"Shopping centres of the future will be hyperconnected microcities" | RetailDetail

"Shopping centres of the future will be hyperconnected microcities"

"Shopping centres of the future will be hyperconnected microcities"
Foto: Westfield

In celebration of the tenth anniversary of its London shopping centre, Westfield has released its strategy 'Destination 2028', containing delivery drones, smart toilets, sensory gardens and silent rooms for contemplation.

 

Nature meets modern technology

According to the shopping centre group, the future is all about 'retailtainment', meaning shopping centres will become hyperconnected miniature cities where nature meets modern technology. They will become, in Westfield's vision, places where craftsmen create their products before a live audience and where artists create a unique shopping experience. Moreover, future shopping centres will feature silent rooms where customers can read and rest, and activity rooms for workshops.

 

Offering a unique experience will become even more important by 2028, with a special place for water (so customers can enjoy water sports in the shopping centre and possibly even enter the building by boat). Hanging gardens will bring nature into the shopping centre, featuring gardens where customers can harvest their own fresh ingredients themselves. Moreover, a growing number of rental stores will cater for the ever increasing number of people who prefer renting products to actually owning them. Pop-up stores and co-working places will also feature more and more in the shopping centre of the future.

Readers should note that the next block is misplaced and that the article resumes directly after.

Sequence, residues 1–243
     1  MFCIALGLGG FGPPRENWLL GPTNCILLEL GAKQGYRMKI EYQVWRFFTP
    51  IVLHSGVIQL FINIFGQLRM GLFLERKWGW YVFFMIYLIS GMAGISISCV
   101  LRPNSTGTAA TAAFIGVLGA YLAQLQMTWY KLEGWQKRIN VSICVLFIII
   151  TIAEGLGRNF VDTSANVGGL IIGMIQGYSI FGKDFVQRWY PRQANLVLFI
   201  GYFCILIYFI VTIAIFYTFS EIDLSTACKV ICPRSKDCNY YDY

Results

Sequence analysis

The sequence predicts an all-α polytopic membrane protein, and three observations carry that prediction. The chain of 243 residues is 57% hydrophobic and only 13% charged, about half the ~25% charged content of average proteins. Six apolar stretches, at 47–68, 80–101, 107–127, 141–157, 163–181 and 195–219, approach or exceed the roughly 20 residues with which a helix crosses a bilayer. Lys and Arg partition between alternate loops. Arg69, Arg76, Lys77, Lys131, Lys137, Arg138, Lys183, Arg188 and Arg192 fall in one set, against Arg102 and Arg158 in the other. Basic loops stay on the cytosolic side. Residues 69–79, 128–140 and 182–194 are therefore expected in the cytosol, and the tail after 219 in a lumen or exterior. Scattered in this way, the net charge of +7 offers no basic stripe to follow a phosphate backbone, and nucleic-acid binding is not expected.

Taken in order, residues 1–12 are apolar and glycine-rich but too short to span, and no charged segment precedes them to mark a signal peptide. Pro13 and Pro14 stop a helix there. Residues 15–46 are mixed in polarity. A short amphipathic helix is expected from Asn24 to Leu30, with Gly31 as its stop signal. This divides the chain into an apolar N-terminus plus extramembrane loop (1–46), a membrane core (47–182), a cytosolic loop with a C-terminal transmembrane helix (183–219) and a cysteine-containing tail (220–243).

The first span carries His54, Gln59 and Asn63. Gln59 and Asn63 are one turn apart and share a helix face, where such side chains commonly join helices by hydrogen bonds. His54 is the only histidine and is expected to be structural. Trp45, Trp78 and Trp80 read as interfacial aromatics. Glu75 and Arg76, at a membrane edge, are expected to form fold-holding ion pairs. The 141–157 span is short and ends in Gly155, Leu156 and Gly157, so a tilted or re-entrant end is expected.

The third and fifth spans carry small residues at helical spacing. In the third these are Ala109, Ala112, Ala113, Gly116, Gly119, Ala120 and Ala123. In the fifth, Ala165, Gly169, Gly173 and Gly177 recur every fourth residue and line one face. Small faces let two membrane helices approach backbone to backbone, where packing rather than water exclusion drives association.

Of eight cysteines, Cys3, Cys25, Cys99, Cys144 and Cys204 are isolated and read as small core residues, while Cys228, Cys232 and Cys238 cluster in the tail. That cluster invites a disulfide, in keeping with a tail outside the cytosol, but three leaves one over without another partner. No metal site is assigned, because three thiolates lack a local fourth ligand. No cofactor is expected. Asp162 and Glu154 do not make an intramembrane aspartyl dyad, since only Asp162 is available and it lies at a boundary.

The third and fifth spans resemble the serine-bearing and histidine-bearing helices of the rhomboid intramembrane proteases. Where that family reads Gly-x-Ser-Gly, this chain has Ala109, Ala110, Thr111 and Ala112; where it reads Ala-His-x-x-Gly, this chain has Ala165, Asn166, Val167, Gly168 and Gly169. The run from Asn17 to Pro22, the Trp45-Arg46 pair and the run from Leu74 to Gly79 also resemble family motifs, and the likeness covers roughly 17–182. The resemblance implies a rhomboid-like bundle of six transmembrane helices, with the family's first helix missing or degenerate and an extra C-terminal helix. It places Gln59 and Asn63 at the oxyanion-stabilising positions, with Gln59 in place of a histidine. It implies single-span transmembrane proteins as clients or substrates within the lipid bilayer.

Personalisation through smart technology

Of course, no vision of the future is complete without fantasies of technology. The shopping journey should become as comfortable as possible with drones flying around, releasing customers of their purchases so they can shop hands free. Smart mirrors make sure they do not have to visit the fitting rooms with dozens of different sizes and colours, but use virtual technology to show how certain pieces of clothing will look. 

 

Smart toilets will give direct (but very personal) feedback as to which nutritional products you need, while personalised information screens show specific suggestions and an optimal walking route based on your preferences, needs and purchase history. Certain of these ideas will already be included in a new area in Westfield's London shopping centre that will blend restaurants, entertainment and experience, costing 600 million pound sterling.

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